“Despite the overall economy improving, it will be difficult to change consumer behaviour away from buying during promotional periods. This, along with the introduction of the living wage, is highly likely to result in higher prices in order to protect margin, with a move away from the ‘first price, right price’ approach.
“Productivity will become even more key as staffing costs rise and employers seek to deliver more from fewer people. However, the living wage may give retailing an opportunity to attract more talent into the industry if we see the differentiation between retail and other sectors reduced.”
Brian Brick, chief executive of Moss Bros
“This year will see the completion of our store refurbishment programme and transition to a full omnichannel customer offer. This will stand us in good stead with the Rio Olympics and the European Football Championships influencing patterns of trade in 2016. It will be interesting to see the development of the phenomenon that is Black Friday, both from a customer and a retailer perspective. Like it or not, it’s here to stay.”
Tom Joule, founder of Joules
“For 2016 we’re predicting pastels and pretty looks will be big, with a slight hippy style interpreted in a posh way. For retail trends, it’s all about the mobile, make it slick, easy to shop and quick to transact, we’ve seen good growth in this area.
”The living wage is factored in to our growth plans and has little effect.
“We’ve had a strong reaction on our forward-order ranges, and I believe this will reflect well for 2016. Mild winters continue to play a part in our thoughts of product selection for future seasons.”
Scott Tepper, fashion buying and merchandising director at Liberty
“We feel 2016 will be a year of femininity outselling androgyny, as Liberty’s customers are responding very well already to new season spring trends of embroidery, embellishment, sparkle and shine. The hints of classical English variations on the poetic sleeve, the ruffled neck and lace detailing are surefire bets to draw in a young generation of customers who were not here for the last go round on them. These trends always lead to a strong and personal jewellery moment, and we expect growth here to offset customer fatigue with statement handbags and shoes”.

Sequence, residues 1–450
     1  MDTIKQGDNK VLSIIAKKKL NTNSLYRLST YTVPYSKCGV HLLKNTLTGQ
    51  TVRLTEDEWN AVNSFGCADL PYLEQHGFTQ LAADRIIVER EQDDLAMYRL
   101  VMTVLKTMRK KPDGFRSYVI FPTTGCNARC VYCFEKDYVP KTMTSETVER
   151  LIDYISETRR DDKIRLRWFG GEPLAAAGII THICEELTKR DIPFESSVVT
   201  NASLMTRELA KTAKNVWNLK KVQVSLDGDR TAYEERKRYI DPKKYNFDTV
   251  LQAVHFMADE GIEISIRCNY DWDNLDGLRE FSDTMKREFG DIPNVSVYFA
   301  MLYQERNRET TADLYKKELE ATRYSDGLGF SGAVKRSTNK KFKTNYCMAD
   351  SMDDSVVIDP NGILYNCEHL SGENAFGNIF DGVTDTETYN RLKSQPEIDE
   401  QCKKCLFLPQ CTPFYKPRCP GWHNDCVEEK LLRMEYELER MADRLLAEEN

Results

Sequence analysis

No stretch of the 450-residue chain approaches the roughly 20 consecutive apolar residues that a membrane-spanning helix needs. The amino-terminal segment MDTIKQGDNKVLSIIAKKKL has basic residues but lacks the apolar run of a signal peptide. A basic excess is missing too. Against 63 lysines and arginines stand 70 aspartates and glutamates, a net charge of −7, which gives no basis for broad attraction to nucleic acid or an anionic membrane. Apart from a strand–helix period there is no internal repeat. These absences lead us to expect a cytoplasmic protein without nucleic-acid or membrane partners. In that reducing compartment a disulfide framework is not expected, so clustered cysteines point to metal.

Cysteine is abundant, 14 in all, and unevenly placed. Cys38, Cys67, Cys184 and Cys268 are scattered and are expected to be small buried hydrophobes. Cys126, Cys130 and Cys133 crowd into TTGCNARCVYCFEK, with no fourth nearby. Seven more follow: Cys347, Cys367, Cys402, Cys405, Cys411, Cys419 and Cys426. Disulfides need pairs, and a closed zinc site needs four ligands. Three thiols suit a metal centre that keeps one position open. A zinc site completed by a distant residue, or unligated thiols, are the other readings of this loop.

Peter Ruis, chief executive of Jigsaw
“We are cautiously optimistic for 2016, and will continue to add extra space, at home, internationally and ‘digitally’. This is not a ‘freewheeling’ economy but if we innovate and differentiate we can continue to succeed.”
William Kim, CEO of AllSaints
William Kim, chief executive of AllSaints
“We are very excited by the opportunities for brand growth that continue to be afforded by the global marketplace – specifically by leveraging new geographical markets, new product categories and new channels. We will continue to reach our global customer base by investing in new stores in the Americas, Asia and the Middle East. Following the launch of our handbag collection, we are adding categories, such as an expanded shoe collection with our new production partner, Vince Camuto.
“We will continue to capitalise on the global opportunities presented by our in-house digital team, further enhancing the customer journey with new platforms and process improvements.”
Steve Buck, managing director of Barbour
“We expect trading conditions in 2016 to remain challenging for retailers, so offering excellence in garment quality and customer service will be even more important. The digital landscape will continue to develop and having a clear and coherent digital vision will be essential for success. In 2016, by listening to our customers and working hard with our retail partners, I am confident Barbour will carry on making good progress.”
Russell Jones, director of Robinsons of Bawtry, Doncaster
“For an independent retailer, social media and the internet are the future. But there is still a need for personalised marketing. At Robinsons we run events throughout the year to engage with our customers. We start the year with the Bawtry Fashion Week on March 10-17 in aid of the British Heart Foundation. Then there is the annual Visit Bawtry Race Day on 14 May and the Robinsons Charity Polo day on 3 July.
“In 2016 I would like to see brands take a longer-term view and stamp out ridiculous mid-season promotions such as Black Friday. They constantly erode margins and are confusing to customers.”
Sally Heath, ecommerce director of New Look
“Our priorities are still to grow the UK business, but international is really where we’re focusing our energy. It’s well documented that we’re moving into China. We have 60 stores there now, so it’s a big focus. In ecommerce international is really on the agenda. We’re re-platforming our French and German websites, we’re also going to migrate our UK website. We’re focusing on building our presence through ecommerce.”